voigtländer vm 28mm 1.5 nokton leica m10 m11 m6 review contrast sharpness bokeh vignetting coma summilux 42mp 61mp 24mp
Leica M10 | Voigtländer VM 28mm 1.5 Nokton | f/11

Considering the Voigtlander VM 28mm 1.5 is such a small and compact lens it shows a surprisingly good performance. On the Leica M10 we see slight color aberrations at f/1.5, but the corners already look decent. The midframe looks great from f/2.8, the corners look best at f/5.6. The performance is similar to the Voigtländer VM 28mm 2.0 Ultron MK II at shared apertures, which is quite the achievement.

On the Sony A7rII with its thicker filter stack the performance in the midframe as well as in the corners is worse – as is to be expected. The midframe needs f/5.6 to look good here and even stopped down to f/11 the corners do not look as good as on the Leica camera at f/4.0. If you are using a Sony FE or Nikon Z camera and the performance in this category is important to you, better have a look at the Laowa 28mm 1.2 Argus, 7Artisans 28mm 1.4 FE+ or the Viltrox FE 28mm 1.8 AF, which all look great across frame from f/4.0.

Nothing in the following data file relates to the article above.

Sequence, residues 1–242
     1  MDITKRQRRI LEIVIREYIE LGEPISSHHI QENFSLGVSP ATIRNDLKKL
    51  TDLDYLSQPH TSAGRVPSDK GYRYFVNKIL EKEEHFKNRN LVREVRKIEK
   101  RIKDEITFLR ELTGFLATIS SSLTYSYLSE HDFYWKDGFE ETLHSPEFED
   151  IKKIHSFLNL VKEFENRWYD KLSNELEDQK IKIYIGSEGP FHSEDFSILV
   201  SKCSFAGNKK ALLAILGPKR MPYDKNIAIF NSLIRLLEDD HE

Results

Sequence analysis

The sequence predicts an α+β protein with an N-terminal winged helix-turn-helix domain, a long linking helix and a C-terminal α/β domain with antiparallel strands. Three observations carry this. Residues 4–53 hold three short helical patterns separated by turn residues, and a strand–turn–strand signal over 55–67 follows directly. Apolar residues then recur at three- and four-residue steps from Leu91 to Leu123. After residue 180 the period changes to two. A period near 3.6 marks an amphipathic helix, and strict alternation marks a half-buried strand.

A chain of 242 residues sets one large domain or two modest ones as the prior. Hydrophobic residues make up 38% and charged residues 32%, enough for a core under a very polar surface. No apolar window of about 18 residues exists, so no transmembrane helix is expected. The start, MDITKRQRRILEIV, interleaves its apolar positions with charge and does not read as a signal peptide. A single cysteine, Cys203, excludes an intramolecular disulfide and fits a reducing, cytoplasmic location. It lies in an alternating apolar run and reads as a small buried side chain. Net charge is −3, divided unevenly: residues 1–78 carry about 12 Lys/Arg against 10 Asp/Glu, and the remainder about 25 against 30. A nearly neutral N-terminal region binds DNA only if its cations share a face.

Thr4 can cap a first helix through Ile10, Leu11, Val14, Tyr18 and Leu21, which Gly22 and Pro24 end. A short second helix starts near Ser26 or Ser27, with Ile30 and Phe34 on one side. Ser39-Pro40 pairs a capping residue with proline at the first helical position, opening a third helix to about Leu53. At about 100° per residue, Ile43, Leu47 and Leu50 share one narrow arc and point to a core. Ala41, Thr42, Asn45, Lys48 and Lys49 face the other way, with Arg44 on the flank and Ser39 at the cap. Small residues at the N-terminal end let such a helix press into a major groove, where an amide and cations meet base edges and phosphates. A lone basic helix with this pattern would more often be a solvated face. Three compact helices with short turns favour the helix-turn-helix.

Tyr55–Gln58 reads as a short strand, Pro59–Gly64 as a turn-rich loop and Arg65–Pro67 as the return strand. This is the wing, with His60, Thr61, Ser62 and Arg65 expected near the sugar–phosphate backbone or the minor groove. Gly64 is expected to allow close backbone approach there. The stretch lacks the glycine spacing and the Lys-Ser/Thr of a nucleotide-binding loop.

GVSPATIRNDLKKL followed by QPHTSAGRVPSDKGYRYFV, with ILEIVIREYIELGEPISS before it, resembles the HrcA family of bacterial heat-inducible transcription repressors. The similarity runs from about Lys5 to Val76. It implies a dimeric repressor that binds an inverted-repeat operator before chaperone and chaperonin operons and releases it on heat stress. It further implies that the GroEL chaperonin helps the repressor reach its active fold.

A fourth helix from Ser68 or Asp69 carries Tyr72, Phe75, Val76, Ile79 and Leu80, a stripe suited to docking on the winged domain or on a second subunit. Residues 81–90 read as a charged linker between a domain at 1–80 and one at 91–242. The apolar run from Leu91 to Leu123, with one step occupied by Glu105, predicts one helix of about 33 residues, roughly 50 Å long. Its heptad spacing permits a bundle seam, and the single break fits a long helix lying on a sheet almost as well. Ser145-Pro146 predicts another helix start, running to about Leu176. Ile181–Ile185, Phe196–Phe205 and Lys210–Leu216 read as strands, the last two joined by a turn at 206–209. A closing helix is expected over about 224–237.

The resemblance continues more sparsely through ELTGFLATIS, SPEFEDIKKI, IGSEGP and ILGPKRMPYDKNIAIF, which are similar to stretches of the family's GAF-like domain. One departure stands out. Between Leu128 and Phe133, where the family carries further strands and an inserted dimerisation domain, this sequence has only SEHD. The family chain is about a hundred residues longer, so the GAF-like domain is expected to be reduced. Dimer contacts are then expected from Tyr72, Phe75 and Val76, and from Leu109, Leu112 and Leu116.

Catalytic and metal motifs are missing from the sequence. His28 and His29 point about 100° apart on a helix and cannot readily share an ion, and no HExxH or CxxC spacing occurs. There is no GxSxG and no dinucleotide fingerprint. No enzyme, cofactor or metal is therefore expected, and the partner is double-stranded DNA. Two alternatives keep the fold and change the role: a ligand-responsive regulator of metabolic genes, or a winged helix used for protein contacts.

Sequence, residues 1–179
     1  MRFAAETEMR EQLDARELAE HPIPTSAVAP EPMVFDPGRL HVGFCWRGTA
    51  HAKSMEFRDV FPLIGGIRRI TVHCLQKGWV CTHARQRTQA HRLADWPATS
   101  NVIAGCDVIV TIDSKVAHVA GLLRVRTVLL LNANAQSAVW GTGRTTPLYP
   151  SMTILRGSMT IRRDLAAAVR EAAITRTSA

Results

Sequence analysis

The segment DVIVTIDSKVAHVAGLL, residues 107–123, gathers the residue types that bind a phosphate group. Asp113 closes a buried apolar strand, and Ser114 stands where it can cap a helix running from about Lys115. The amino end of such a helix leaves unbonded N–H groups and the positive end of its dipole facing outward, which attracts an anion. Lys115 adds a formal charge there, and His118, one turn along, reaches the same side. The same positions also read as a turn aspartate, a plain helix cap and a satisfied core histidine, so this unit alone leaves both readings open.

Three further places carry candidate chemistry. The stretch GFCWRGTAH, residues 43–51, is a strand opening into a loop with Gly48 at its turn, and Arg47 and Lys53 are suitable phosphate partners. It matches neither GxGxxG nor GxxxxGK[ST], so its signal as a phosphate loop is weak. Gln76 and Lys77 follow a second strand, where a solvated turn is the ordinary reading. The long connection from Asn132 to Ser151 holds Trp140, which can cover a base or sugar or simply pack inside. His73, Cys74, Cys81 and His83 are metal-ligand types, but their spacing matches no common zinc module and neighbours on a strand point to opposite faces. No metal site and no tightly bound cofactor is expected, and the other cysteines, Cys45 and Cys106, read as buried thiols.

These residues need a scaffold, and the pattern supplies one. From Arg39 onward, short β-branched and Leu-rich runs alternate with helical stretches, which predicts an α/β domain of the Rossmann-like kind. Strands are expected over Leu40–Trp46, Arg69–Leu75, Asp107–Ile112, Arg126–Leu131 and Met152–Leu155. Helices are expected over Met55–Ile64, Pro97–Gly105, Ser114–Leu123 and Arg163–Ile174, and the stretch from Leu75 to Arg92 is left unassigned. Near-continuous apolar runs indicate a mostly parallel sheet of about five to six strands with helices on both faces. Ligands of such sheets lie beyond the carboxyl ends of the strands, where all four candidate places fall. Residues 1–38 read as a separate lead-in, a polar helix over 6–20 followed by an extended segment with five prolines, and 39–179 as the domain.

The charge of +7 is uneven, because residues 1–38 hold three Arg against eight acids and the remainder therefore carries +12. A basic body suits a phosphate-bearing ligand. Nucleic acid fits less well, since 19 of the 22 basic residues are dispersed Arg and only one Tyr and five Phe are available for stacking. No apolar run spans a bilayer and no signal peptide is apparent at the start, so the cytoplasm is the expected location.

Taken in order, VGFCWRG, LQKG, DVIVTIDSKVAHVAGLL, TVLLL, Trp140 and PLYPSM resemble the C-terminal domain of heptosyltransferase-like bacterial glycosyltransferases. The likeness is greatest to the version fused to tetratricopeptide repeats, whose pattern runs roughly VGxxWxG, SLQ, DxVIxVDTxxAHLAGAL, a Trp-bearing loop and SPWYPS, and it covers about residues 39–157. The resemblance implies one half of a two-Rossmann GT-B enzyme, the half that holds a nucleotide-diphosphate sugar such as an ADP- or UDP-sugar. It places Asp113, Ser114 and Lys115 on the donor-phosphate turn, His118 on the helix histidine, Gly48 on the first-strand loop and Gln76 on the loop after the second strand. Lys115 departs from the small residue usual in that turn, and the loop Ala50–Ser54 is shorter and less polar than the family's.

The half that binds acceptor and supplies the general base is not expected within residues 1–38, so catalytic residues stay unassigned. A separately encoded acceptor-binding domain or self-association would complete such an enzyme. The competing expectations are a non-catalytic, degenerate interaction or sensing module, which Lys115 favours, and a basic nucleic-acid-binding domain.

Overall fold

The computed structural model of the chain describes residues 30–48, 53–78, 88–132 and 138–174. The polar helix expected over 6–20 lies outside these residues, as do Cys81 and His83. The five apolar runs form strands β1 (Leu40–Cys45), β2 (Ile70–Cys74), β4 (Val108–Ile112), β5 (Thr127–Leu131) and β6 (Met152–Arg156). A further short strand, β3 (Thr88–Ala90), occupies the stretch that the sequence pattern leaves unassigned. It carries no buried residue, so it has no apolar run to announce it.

portrait distance 0.9 m (24mp Leica M10 and Sony A7III)

For portraiture it isn’t so important how flat the field is, it is more interesting to see what the sharpness is like when focused at different parts of the frame to take field curvature out of the equation.

positions of crops in the frame

We will be looking at 100% crops from the 24mp Sony A7III and the Leica M10. Both cameras do not have an anti aliasing filter in front of the sensor.

Leica M10 <—> Sony A7III

Voigtländer VM 28mm 1.5 Nokton | f/1.5

For a 28mm 1.5 lens a good performance at this distance is very important to me, as this is where I usually find myself when taking environmental portraits and this is what lenses like this are ultimately made for.

In the center this 28mm shows an amazing performance, in the inner midframe a very good one, but in the outer midframe it starts to struggle a bit. Again the performance is very similar to the Voigtländer VM 28mm 2.0 Ultron MK II. The Thypoch Simera 28mm 1.4 is not as contrasty in the center and the inner midframe, but looks noticeably better in the outer midframe.